Published as part of our sister-site GamesIndustry.biz' widely-read weekly newsletter, the GamesIndustry.biz Editorial is a weekly dissection of one of the issues weighing on the minds of the people at the top of the games business. It appears on Eurogamer after it goes out to GI.biz newsletter subscribers.
Ask almost any journalist or commentator what the story of the games business in the past few years has been, and you'll probably get the same stock response: it's all about breaking into the mainstream. It's about the rise of the Casual Gamer, this mythical mass-market beast unleashed by the dark genius of Nintendo's Wii and DS, whose successes other companies are now rushing to emulate. It's a fairly straightforward narrative, and like any good story there's a grain of truth at the heart of it, but as an assessment of what's actually happened in games of late it's sorely lacking in insight, which makes it all the more disappointing that it's such a widespread view of the market.
What's really happened isn't so much a tale of cracking the mass-market (your granny may have bought a Wii, but the console's installed base is still less than half that achieved by the PS2) as it is a tale of companies learning about the value of specialisation. It's a story that starts in an industry dominated by publishers who view themselves as jacks of all trades, capable of straddling every genre and target market in the business - because after all, the consumers are all gamers at the end of the day. The mid-section of this narrative is about companies learning that actually, the only way to keep those profit margins high is to learn what their strengths are and focus on those areas - and about companies who can't make that transition gradually falling by the wayside.
And the third act? I suspect that this story ends in a few years' time with a landscape largely made up of highly specialised companies, each focused on a relatively tight market segment. Some of them will be huge companies aiming their efforts at a tight but very large segment, and some will successfully span several different sectors with highly differentiated subdivisions and sub-brands. Some will be modern publishers who have learned to focus; some will be developers who have learned that such tight focus can actually remove the need to work with a dedicated publisher if you can build the right skillset.
The evidence of this transition in progress can be seen fairly readily in the behaviour of the industry over the past couple of years. Perhaps the most dramatic example is, of course, Electronic Arts, whose entire restructuring plan can, on some levels, be summed up as an attempt to give the giant publisher a laser-sharp focus on a small number of key areas which it can dominate, rather than simply being one among many in a wider variety of industry sectors. There's more to it than that, of course, but it's beyond question that John Riccitiello's EA is proving much more circumspect about picking its battles than Larry Probst's EA, which was willing to wade into any arena that presented itself, no matter how ill-equipped it may have been for the challenge.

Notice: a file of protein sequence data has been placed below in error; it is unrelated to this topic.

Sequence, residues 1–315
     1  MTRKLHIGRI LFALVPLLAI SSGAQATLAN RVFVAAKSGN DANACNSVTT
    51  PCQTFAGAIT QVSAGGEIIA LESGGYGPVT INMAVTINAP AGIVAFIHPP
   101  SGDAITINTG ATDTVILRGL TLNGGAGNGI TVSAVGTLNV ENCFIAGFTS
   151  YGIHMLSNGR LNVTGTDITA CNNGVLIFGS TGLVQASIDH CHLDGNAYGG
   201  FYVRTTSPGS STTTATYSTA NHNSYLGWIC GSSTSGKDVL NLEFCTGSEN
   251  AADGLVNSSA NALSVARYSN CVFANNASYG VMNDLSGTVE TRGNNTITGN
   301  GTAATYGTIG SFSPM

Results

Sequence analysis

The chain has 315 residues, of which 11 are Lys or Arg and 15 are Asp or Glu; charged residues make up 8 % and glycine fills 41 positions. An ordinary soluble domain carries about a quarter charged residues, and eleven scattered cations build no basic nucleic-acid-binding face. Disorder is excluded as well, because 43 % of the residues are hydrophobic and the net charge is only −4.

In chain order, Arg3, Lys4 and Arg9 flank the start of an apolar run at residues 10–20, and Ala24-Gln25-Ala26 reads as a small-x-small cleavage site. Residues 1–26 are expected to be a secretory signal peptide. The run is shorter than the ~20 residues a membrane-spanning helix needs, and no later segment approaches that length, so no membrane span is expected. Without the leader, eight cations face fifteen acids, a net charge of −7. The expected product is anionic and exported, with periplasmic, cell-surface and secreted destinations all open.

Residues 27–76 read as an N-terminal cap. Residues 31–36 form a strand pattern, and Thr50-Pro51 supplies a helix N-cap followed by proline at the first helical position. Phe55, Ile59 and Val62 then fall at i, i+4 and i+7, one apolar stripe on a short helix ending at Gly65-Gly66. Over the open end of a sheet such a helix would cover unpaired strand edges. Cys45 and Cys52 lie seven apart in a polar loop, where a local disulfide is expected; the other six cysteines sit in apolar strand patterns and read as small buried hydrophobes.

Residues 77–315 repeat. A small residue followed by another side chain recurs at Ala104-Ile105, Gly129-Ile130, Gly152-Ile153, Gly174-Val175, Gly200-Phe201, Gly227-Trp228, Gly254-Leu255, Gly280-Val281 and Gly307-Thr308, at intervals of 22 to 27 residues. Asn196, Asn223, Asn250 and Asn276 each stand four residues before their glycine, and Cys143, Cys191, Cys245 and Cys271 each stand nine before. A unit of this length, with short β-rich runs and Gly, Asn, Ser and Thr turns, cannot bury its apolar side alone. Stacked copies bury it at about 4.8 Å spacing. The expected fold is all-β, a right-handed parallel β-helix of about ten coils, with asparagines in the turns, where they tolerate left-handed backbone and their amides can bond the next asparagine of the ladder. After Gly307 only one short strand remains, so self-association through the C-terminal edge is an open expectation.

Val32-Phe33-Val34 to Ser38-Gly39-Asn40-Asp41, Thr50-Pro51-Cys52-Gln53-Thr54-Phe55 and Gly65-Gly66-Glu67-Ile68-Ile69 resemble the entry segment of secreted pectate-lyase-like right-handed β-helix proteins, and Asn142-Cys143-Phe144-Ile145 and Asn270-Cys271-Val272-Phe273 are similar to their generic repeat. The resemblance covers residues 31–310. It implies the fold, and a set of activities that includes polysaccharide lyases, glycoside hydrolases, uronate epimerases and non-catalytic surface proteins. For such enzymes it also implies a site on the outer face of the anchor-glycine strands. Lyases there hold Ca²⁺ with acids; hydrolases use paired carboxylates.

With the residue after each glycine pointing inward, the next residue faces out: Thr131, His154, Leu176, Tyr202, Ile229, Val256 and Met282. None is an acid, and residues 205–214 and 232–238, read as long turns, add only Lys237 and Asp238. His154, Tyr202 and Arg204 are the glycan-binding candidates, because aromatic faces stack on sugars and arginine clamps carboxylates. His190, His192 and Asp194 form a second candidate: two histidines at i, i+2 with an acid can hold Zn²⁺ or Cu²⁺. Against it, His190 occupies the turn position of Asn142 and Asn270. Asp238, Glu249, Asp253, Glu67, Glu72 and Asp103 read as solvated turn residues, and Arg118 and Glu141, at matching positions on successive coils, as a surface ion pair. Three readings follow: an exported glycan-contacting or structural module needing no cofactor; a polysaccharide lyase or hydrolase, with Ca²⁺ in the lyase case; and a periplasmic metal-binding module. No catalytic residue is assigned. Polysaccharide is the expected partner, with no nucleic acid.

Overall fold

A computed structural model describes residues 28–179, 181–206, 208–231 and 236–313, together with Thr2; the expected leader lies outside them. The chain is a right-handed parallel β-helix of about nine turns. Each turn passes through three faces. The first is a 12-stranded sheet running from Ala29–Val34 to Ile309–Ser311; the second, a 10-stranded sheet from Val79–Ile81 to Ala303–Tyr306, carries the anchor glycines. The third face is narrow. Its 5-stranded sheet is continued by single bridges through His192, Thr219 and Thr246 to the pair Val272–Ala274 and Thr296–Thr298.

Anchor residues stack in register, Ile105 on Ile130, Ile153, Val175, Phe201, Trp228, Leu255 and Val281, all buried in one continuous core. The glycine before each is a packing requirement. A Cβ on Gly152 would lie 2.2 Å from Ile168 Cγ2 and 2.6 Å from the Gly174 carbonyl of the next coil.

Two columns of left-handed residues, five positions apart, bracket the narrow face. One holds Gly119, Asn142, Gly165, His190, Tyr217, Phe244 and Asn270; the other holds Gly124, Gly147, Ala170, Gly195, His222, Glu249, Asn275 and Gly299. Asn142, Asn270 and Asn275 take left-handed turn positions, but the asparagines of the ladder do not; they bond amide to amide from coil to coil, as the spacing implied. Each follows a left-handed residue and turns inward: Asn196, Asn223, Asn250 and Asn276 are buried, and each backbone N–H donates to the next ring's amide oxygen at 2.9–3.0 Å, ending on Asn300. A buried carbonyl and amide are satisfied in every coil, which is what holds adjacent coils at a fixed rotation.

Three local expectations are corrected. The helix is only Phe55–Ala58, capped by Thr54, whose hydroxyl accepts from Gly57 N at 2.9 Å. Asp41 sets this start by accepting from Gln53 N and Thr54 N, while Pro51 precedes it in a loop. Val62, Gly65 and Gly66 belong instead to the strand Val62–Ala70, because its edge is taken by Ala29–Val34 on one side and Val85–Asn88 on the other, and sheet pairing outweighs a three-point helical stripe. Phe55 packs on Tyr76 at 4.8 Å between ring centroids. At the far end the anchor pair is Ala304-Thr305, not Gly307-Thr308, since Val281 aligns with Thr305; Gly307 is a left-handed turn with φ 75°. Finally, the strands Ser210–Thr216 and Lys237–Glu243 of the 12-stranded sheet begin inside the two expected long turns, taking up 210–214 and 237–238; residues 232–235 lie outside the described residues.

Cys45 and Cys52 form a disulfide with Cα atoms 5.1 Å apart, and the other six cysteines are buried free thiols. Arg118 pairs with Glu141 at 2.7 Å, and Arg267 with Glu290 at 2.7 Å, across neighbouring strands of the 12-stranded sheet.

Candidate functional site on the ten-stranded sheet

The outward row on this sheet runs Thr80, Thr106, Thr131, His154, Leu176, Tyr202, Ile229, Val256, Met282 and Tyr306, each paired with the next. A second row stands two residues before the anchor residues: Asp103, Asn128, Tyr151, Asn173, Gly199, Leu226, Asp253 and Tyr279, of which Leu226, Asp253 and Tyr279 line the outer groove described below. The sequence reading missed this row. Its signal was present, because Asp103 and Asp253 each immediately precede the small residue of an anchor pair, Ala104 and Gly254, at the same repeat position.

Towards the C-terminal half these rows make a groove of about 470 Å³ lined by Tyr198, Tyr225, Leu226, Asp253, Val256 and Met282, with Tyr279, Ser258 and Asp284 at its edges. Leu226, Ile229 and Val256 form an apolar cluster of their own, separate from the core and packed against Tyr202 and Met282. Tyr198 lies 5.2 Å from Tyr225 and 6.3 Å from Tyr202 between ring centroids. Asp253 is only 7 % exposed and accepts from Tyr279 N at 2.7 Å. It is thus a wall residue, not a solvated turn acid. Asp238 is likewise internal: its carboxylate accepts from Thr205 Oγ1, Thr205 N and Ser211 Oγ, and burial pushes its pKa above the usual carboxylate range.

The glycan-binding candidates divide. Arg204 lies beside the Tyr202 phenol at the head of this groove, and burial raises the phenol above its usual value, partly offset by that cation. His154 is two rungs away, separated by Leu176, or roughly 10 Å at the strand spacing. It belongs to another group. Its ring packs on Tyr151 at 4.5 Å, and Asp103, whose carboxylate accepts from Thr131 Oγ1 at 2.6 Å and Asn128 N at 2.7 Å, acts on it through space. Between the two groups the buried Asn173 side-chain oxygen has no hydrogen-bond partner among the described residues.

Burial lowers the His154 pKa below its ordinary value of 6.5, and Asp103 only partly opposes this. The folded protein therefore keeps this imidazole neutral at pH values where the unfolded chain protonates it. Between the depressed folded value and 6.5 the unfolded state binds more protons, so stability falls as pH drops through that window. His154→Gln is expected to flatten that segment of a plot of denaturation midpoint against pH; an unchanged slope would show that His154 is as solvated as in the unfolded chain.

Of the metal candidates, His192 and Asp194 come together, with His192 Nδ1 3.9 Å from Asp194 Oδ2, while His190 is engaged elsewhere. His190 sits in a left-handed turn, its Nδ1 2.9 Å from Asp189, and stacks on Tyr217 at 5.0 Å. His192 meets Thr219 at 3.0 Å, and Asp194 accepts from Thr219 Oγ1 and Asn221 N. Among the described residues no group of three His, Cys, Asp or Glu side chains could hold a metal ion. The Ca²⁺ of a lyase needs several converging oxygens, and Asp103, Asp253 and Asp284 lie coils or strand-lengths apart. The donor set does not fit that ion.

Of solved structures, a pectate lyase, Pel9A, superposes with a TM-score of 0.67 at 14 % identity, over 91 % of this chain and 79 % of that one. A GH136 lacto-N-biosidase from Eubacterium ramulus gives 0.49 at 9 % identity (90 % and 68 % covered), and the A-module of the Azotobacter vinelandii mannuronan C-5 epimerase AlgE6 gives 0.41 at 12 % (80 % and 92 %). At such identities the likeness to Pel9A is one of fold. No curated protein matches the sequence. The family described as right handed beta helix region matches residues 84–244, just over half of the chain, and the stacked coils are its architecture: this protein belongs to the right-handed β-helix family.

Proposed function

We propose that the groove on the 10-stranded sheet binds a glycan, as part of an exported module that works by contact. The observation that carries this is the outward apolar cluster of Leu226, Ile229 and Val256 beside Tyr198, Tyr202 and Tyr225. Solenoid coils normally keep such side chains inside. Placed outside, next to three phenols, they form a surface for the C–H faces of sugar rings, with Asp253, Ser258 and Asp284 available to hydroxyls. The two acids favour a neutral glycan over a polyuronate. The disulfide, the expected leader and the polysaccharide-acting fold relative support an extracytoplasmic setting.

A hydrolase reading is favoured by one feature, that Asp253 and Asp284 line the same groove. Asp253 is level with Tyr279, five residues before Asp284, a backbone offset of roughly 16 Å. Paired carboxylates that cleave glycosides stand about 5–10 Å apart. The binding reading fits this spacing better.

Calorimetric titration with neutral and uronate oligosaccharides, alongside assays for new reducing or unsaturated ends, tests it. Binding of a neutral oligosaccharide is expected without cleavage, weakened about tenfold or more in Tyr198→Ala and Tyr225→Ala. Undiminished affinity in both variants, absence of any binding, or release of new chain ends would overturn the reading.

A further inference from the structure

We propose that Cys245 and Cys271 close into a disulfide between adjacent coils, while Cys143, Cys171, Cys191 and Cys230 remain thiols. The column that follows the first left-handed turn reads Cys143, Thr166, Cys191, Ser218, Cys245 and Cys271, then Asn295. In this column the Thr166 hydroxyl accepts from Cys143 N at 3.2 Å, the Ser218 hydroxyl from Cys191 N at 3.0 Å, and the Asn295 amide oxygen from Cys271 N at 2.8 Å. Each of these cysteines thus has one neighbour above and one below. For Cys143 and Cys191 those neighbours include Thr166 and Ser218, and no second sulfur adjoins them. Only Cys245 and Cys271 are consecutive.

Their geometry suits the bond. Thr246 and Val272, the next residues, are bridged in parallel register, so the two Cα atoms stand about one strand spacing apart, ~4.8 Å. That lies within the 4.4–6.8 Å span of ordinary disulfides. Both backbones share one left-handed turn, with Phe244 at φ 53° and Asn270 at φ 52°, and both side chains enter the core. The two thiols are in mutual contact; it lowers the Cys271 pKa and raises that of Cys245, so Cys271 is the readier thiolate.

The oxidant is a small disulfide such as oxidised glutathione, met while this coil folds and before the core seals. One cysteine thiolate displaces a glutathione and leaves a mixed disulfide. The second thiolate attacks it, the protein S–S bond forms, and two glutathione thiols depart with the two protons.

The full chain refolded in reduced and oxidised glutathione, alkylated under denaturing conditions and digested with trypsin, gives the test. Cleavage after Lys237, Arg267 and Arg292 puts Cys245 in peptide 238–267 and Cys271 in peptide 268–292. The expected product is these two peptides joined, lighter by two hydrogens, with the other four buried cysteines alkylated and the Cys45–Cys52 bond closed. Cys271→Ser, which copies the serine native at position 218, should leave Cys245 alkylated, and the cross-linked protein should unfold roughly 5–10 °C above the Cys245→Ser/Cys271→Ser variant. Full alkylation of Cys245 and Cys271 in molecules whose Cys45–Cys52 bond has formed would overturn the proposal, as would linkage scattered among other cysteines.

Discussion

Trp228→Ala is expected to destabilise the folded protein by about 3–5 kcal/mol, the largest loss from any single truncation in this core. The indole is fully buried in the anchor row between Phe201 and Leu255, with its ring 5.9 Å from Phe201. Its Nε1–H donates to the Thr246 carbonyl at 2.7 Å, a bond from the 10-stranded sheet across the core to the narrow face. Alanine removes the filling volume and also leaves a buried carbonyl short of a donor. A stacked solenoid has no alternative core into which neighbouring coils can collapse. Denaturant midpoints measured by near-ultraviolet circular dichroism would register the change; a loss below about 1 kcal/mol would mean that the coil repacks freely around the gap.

Staying at the top of the market, Activision, too, has made it clear that it's keen to pick its battles with care. The company has been blunt - perhaps too blunt - about its ambition to launch nothing that isn't a $100 million franchise, representing a clear attempt to remove the publisher entirely from the middle ground and turn it into a brand that only launches slick, expensive, core gamer titles.
Admittedly, the ambition to make this transition and the reality are rather different things - not only does a publisher ignore smaller titles and new IP at vast risk of letting the next breakout hit slip through its fingers, but a firm with Activision's ambitions in this regard needs better quality control and product assessment processes than the company presently demonstrates. Modern Warfare 2 hides a multitude of sins, but not everyone has forgotten that Activision's two other major Q4 2009 titles were a slow burning cult success (in the case of DJ Hero) and an outright embarrassing flop (Tony Hawk: Ride), rather than commercial triumphs.
Then there's Ubisoft, which this week made clear that it's planning to tone down its efforts in the casual market and focus on what it's been really good at recently - high-quality titles for the core market. It's not that the casual market is doing badly - far from it - but that the people making money there are specialists, not daytripping core game publishers. Ubisoft has done better than most in the sector, but even it cannot really compete with companies whose raison d'etre is to reach this market segment.
For a perfect example of this specialisation at work, look at the top 10 games of 2009 in the UK, a chart conveniently unveiled by GfK ChartTrack this week. The top 10 has two Activision titles in it - both Call of Duty games, hardcore first-person shooters prized for their online multiplayer. It has two EA games in it - both FIFA titles, from the unrivalled EA Sports catalogue, which dominates the sports markets on both sides of the Atlantic. There's one Ubisoft title in there, core gamer favourite Assassin's Creed II. The other half of the top 10 is all about Nintendo, with five casual or family-friendly games making up the rest of the chart.